Transmission noise was something I’ve not heard of in a long time but you will need to get used to it. There is much of it should you wish to push on. And push on you will especially when confronted with a hill when at speed. Above the national speed limit, he 100hp engine runs out of puff in 5th and the change down, through the long throws of the gear lever, are easy. Stick to 70mph and it shouldn’t cause much of a problem.
The steering is of the muted kind. It doesn’t give a lot of feel though I never found this much of a problem unless I harassed the Jimny into doing something I shouldn’t have. It feels quite low geared and when you do provoke it to kick out, you need to twirl your arms quickly if only to keep the momentum. That is at the extreme because off road, it translates to very little kickback and the one thing you don’t want is thumb breaking kick back from a rapidly correcting steering wheel.
Acceptable But You’ll Love It Anyway
Equipment and price feel a little on the high side. There are better cars out there for less but they are less capable of getting rough and dirty. Equipment on this top of the range SZ5 model is generous. Climate control, cruise and limiter are standard. It also includes auto dim/dip headlights and forward collision mitigation alarm. Infotainment is the standard as expected with DAB and in-built Satnav. It’s just a shame the screen isn’t user friendly with its flat universal positioning and not angled towards the driver.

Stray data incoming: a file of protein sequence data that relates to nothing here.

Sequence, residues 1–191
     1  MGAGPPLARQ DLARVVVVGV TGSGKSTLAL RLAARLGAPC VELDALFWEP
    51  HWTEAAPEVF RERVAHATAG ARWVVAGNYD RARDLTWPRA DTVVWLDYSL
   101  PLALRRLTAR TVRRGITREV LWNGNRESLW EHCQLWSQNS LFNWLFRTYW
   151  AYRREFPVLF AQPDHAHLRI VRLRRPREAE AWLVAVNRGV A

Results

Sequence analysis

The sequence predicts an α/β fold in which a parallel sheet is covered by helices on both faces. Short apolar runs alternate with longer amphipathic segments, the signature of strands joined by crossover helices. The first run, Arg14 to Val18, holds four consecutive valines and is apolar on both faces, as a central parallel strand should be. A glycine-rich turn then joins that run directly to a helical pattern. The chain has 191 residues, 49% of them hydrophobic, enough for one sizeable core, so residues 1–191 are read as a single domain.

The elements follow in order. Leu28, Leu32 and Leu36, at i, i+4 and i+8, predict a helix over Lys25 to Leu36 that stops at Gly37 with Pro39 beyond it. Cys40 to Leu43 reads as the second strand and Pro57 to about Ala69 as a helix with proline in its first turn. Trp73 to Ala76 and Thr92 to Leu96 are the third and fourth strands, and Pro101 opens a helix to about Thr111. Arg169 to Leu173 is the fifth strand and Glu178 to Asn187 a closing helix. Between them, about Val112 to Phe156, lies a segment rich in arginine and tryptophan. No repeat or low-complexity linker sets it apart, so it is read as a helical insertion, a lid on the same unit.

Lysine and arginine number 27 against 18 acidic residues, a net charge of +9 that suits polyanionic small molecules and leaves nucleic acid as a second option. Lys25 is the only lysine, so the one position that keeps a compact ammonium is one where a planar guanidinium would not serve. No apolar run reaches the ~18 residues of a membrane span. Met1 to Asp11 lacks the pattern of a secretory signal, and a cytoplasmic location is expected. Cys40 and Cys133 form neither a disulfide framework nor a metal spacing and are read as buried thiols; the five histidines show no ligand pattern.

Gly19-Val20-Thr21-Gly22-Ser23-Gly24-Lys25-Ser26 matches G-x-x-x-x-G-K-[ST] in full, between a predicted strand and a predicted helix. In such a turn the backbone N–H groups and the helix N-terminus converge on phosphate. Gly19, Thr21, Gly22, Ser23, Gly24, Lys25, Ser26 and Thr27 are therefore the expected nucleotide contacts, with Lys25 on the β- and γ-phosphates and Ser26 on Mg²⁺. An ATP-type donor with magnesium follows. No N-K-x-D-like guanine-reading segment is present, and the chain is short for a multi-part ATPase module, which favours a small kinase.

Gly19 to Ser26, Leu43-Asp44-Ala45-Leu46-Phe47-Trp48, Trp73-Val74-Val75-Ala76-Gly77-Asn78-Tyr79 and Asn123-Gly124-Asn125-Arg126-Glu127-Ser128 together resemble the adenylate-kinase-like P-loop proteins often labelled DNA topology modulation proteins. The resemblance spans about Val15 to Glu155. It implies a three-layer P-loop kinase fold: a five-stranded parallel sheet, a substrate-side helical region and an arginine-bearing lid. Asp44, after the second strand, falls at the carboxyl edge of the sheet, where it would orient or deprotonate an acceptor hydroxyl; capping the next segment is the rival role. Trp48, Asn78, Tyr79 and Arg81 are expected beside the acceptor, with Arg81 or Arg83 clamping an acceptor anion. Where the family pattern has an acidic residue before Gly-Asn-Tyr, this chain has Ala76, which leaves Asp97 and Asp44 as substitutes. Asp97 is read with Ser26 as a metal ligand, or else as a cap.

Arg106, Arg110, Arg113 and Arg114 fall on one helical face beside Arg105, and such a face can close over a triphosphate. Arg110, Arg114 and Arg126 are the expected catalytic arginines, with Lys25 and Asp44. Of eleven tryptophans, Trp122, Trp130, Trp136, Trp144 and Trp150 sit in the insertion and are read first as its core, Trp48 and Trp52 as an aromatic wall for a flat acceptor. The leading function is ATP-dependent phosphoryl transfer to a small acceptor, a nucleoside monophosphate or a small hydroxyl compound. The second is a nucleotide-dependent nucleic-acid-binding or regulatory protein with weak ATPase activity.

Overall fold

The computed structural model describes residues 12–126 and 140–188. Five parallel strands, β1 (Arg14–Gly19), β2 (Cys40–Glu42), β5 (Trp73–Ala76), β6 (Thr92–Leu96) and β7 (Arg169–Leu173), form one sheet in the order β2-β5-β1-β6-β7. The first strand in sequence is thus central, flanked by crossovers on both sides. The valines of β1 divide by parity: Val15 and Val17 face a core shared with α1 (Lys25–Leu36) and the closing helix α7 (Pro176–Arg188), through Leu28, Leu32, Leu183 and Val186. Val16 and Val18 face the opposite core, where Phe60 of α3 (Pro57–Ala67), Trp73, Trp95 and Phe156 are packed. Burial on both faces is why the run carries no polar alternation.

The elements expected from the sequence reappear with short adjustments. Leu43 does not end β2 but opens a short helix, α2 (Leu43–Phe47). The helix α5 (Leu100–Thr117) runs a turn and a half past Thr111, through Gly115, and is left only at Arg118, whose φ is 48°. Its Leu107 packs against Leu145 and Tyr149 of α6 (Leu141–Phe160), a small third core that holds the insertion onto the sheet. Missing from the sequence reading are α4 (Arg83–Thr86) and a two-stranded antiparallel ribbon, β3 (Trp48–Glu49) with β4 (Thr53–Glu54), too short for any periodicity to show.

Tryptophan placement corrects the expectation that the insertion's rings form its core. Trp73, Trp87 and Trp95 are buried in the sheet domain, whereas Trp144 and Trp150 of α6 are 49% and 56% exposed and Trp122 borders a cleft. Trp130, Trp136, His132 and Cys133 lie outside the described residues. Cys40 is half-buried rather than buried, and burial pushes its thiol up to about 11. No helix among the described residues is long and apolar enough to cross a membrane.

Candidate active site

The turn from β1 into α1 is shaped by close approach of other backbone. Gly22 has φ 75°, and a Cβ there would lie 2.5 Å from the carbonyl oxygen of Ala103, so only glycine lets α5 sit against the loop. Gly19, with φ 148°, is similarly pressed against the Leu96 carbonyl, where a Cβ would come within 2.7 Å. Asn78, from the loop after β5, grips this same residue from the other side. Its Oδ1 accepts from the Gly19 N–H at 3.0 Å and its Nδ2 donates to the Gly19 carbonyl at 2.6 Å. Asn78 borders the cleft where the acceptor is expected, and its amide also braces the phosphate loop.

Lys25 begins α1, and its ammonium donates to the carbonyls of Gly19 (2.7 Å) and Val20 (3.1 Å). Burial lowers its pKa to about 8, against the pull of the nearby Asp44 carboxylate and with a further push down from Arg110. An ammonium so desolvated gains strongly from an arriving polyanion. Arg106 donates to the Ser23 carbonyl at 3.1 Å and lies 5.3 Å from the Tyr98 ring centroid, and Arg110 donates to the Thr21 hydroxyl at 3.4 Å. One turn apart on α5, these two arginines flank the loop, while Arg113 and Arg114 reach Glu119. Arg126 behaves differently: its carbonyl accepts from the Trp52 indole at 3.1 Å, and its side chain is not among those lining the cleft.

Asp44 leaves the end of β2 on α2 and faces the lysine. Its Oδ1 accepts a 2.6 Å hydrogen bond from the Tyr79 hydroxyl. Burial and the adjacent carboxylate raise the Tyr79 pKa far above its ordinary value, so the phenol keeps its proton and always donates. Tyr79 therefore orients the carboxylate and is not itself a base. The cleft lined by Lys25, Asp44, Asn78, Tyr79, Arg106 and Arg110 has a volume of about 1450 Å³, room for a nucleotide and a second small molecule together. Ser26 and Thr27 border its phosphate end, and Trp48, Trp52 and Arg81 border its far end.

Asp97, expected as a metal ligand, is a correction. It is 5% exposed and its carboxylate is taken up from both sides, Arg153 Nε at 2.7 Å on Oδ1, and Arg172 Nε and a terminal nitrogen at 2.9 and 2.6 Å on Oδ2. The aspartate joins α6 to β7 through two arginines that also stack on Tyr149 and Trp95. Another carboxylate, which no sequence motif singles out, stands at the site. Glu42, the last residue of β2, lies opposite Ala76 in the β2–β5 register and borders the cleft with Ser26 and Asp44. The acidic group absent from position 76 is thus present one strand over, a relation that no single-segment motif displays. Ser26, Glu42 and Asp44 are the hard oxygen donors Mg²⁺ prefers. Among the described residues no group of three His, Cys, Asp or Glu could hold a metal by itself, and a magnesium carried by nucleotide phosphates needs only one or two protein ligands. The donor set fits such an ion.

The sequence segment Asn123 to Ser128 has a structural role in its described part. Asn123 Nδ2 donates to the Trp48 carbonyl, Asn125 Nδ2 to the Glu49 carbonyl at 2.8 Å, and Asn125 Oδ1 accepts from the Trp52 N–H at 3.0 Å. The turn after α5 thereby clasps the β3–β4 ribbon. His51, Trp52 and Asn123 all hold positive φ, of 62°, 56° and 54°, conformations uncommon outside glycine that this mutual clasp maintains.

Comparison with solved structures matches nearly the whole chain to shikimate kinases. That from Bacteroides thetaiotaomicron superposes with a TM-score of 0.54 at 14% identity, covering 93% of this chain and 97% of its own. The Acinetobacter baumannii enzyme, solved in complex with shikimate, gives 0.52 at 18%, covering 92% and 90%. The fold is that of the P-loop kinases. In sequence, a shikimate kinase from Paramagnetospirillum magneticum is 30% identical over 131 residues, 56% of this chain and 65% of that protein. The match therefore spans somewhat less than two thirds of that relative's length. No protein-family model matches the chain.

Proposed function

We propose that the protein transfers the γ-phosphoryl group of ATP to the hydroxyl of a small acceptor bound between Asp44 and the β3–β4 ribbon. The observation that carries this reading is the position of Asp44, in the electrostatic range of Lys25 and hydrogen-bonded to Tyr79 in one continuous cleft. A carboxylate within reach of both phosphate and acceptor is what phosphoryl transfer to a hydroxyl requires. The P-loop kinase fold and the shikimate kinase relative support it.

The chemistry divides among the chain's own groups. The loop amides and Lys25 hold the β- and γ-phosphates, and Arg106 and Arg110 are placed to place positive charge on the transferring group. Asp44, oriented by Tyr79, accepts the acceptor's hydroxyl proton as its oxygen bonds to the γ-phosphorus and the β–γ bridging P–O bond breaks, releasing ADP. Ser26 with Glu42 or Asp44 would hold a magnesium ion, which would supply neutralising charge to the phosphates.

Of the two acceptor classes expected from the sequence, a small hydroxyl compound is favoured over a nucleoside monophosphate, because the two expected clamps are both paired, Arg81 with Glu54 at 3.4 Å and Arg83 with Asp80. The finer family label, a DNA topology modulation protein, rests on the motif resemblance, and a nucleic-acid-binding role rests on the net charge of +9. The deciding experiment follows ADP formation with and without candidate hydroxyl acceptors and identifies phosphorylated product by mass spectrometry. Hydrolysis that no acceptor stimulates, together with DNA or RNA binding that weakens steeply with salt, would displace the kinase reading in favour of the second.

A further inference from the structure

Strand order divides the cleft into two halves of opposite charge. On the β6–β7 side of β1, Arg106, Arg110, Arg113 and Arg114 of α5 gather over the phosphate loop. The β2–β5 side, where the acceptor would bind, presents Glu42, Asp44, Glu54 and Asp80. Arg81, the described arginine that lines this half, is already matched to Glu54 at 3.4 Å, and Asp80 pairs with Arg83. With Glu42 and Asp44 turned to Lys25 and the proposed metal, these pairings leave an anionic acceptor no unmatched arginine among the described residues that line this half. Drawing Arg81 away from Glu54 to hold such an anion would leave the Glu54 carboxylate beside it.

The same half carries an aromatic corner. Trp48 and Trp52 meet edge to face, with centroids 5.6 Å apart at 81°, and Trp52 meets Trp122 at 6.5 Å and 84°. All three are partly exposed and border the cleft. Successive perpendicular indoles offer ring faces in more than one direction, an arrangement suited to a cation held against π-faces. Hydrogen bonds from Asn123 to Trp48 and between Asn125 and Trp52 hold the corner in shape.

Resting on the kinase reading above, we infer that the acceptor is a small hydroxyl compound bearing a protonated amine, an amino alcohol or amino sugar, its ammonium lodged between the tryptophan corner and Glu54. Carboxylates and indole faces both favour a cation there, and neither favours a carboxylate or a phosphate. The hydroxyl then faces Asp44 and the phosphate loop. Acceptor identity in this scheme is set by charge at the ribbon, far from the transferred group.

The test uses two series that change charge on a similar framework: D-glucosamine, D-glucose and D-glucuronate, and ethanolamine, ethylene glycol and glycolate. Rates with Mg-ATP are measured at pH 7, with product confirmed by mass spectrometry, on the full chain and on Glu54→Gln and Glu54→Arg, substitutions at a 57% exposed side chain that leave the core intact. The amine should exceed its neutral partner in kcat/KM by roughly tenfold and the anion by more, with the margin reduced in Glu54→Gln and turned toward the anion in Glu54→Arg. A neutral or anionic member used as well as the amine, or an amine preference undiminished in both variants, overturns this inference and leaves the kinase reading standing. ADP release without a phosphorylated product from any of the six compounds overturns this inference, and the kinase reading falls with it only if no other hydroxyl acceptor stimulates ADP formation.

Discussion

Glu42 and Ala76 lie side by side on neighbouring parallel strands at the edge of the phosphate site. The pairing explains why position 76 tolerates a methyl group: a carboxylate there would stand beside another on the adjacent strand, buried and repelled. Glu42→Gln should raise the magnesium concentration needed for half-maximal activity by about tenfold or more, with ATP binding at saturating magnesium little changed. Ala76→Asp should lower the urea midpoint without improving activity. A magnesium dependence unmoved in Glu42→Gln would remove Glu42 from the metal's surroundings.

Real world usage makes this a 2 seater with luggage or 4 seater and nothing else. The boot really is non existent. 85 litres of luggage at minimum is smaller than you think. Where it plays its ace card is its adaptability of moving, folding and reclining the seats. To fit 6 ft planks of wood inside proves to be rather easy. 2 air mattress on top of the folded seats and you have yourself a large double bed.
And there lays a Tardis type of a problem. Shoulder width is huge for such a small car and rear seat leg room, more adequate than many city cars I’ve travelled in. And yet it is totally useless in the rear from most aspects.
You Can’t Be Harsh To It.
So to the new Jimny of 2019 and the big question. Is it any good? To answer that we need to remember what this is, what it does and do we care enough and what us motoring journalists have to say about it. Ask any owner of the previous model and they won’t really care what we say. The Jimny is a cute looking box that does what you expect it to do.
With this in mind, the answer is it isn’t very good. But I don’t care enough to pick holes in its faults of which there are plenty. I’d gladly take one and be happy with it and chances are you would too. It has a lot of anthropomorphism in it that combats its failings. It’s just a shame there is a waiting list of over a year and no canvas top model in the pipeline.
Compact and easy to park
Year long waiting list
wading depth of just 320mm
No soft top option
Car – Suzuki Jimny SZ5 Allgrip
Price – £ 19,149 (as tested)
MPG – 34.3mpg (average)
Power – 101bhp @6000rpm
0-62mph – UA
Top Speed – 90 mph
Co2 – 154 (g/km)
Pictures (C) Stuart M Bird / Suzuki